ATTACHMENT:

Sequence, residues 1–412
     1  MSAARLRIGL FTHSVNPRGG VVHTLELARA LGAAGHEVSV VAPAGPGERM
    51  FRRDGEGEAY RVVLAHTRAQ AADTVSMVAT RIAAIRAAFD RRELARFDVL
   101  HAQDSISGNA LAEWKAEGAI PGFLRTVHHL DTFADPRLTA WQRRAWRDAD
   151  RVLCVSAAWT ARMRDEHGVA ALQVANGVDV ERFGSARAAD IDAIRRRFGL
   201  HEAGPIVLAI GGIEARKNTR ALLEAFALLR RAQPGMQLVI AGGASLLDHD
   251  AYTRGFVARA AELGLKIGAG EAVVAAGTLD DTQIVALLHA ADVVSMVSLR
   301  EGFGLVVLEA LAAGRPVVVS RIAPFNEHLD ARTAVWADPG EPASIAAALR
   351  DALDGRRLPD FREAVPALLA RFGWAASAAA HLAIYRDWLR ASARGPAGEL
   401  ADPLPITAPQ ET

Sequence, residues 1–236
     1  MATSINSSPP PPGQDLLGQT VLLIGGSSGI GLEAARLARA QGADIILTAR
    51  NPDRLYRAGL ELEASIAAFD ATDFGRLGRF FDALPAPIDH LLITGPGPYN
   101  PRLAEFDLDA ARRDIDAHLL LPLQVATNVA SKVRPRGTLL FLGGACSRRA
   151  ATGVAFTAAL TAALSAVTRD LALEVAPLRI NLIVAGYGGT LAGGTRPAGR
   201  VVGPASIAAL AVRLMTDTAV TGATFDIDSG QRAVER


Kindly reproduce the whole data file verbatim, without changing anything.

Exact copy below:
Sequence, residues 1–412
     1  MSAARLRIGL FTHSVNPRGG VVHTLELARA LGAAGHEVSV VAPAGPGERM
    51  FRRDGEGEAY RVVLAHTRAQ AADTVSMVAT RIAAIRAAFD RRELARFDVL
   101  HAQDSISGNA LAEWKAEGAI PGFLRTVHHL DTFADPRLTA WQRRAWRDAD
   151  RVLCVSAAWT ARMRDEHGVA ALQVANGVDV ERFGSARAAD IDAIRRRFGL
   201  HEAGPIVLAI GGIEARKNTR ALLEAFALLR RAQPGMQLVI AGGASLLDHD
   251  AYTRGFVARA AELGLKIGAG EAVVAAGTLD DTQIVALLHA ADVVSMVSLR
   301  EGFGLVVLEA LAAGRPVVVS RIAPFNEHLD ARTAVWADPG EPASIAAALR
   351  DALDGRRLPD FREAVPALLA RFGWAASAAA HLAIYRDWLR ASARGPAGEL
   401  ADPLPITAPQ ET

Sequence, residues 1–236
     1  MATSINSSPP PPGQDLLGQT VLLIGGSSGI GLEAARLARA QGADIILTAR
    51  NPDRLYRAGL ELEASIAAFD ATDFGRLGRF FDALPAPIDH LLITGPGPYN
   101  PRLAEFDLDA ARRDIDAHLL LPLQVATNVA SKVRPRGTLL FLGGACSRRA
   151  ATGVAFTAAL TAALSAVTRD LALEVAPLRI NLIVAGYGGT LAGGTRPAGR
   201  VVGPASIAAL AVRLMTDTAV TGATFDIDSG QRAVER